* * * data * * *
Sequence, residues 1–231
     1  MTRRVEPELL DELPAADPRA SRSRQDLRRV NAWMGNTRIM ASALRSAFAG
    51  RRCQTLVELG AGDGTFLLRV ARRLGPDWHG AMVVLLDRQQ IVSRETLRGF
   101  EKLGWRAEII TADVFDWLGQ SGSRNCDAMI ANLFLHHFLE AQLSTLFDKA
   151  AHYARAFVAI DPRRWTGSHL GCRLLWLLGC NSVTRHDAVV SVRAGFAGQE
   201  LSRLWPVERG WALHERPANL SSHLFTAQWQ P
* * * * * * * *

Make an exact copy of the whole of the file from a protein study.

Sequence, residues 1–231
     1  MTRRVEPELL DELPAADPRA SRSRQDLRRV NAWMGNTRIM ASALRSAFAG
    51  RRCQTLVELG AGDGTFLLRV ARRLGPDWHG AMVVLLDRQQ IVSRETLRGF
   101  EKLGWRAEII TADVFDWLGQ SGSRNCDAMI ANLFLHHFLE AQLSTLFDKA
   151  AHYARAFVAI DPRRWTGSHL GCRLLWLLGC NSVTRHDAVV SVRAGFAGQE
   201  LSRLWPVERG WALHERPANL SSHLFTAQWQ P